More than 3/4 of Rhode Island wants the General Assembly to reform payday lending, according to a Public Policy Polling survey. And, according to Rep. Frank Ferri, sponsor of a bill that would reign in interest rates on such loans from 260 percent down to 36, so does a vast majority of the legislators.
“Now we just have to convince leadership that it is the right thing to do,” Ferri said at a roundtable discussion on the matter Tuesday.
He was joined by Sen Juan Pichardo, the sponsor of the similar bill in the Senate, Providence Mayor Angel Taveras and Treasurer Gina Raimondo, all of whom are adamant that payday lending be stopped.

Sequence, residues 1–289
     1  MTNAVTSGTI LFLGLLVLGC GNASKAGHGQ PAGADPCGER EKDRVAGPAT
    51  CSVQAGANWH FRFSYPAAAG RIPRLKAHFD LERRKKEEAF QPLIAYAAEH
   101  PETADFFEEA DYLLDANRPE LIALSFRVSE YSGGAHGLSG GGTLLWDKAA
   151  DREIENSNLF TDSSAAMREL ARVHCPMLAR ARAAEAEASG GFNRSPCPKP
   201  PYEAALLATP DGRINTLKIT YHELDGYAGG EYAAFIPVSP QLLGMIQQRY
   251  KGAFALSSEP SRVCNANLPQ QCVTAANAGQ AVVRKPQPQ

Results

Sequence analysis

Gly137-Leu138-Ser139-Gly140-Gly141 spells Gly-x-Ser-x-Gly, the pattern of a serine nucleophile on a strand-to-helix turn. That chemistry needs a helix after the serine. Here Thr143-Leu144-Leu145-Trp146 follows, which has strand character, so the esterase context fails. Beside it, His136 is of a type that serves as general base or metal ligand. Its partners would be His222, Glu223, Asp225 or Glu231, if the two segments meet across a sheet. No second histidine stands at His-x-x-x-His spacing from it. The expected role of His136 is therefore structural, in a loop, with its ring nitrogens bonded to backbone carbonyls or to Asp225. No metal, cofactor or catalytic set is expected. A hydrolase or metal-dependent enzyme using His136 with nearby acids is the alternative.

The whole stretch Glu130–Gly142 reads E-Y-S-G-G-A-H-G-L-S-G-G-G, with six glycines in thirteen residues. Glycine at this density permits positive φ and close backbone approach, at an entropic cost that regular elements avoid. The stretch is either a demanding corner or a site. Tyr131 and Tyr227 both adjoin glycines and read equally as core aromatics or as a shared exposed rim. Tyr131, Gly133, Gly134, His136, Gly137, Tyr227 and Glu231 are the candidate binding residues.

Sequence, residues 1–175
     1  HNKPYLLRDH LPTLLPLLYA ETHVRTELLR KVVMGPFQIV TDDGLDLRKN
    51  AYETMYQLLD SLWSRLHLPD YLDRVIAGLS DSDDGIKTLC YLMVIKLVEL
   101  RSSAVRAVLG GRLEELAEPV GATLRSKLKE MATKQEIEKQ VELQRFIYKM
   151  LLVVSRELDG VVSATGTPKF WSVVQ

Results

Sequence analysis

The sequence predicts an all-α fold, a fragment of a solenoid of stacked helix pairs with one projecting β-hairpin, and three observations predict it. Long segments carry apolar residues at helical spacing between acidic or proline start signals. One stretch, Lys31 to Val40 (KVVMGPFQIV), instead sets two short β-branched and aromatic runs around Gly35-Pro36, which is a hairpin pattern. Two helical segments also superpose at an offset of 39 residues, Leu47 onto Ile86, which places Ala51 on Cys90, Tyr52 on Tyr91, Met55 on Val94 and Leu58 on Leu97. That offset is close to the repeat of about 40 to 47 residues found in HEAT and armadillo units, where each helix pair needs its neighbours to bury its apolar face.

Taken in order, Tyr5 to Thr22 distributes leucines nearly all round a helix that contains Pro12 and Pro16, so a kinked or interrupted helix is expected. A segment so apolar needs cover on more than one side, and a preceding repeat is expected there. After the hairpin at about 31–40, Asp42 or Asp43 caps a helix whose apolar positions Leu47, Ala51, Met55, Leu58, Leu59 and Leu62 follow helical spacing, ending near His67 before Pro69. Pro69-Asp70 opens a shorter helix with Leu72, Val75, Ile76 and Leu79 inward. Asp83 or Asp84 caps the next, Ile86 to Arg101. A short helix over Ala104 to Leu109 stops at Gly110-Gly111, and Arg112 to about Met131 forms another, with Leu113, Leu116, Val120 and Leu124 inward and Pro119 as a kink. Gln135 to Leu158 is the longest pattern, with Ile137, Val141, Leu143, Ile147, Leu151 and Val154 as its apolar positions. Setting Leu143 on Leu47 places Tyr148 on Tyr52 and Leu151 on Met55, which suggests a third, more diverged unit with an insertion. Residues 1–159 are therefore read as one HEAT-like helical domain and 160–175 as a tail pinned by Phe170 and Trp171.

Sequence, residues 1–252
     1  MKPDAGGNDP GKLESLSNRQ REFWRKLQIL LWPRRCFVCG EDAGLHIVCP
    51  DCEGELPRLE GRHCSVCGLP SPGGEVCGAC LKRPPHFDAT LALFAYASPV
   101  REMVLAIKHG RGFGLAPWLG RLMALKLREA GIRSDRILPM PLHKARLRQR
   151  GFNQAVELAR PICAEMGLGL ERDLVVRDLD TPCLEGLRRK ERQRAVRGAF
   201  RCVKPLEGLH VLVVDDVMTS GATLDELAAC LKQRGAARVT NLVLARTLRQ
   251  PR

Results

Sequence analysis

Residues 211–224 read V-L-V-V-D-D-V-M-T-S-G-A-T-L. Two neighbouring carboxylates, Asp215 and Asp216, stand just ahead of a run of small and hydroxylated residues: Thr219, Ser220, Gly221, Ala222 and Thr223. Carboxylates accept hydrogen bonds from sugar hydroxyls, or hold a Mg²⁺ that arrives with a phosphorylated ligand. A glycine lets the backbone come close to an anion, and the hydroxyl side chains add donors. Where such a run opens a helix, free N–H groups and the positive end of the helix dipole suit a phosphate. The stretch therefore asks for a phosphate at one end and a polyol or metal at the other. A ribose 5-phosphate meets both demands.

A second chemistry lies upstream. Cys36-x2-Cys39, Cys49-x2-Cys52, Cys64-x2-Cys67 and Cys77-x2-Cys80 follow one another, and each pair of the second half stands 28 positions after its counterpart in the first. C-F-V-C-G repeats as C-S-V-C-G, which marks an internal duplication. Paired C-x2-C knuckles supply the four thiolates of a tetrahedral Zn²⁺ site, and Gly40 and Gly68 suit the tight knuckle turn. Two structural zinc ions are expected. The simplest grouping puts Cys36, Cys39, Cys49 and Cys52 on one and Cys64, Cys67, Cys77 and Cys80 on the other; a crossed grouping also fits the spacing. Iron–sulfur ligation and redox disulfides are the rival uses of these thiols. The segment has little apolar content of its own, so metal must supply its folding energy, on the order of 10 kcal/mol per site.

“It’s a predatory product,” Raimondo said. “People need to know about the dangers of payday lending so they can take care of themselves. Everyone needs a loan once in a while and you ought to be able to do it in a way that is safe and reliable and doesn’t trap you.”
Raimondo said she plans to announce soon that she will be reaching out to banks and trying to incentive them to offer an alternative to payday loan shops.
“Soon we will be launching a press for information to all the banks that the state does business with and asking them to tell us about what products like this they do provide,” she said, referring to alternative loans to the predatory variety offered at payday loan shops. Once that is completed, she said, “I think you might see us giving a preference to banks that provide those kinds of services for Rhode Islanders.”
Payday loans are short-term loans secured by a post-dated check that can carry huge interest rates. Rhode Island is the only state in New England to allow the practice.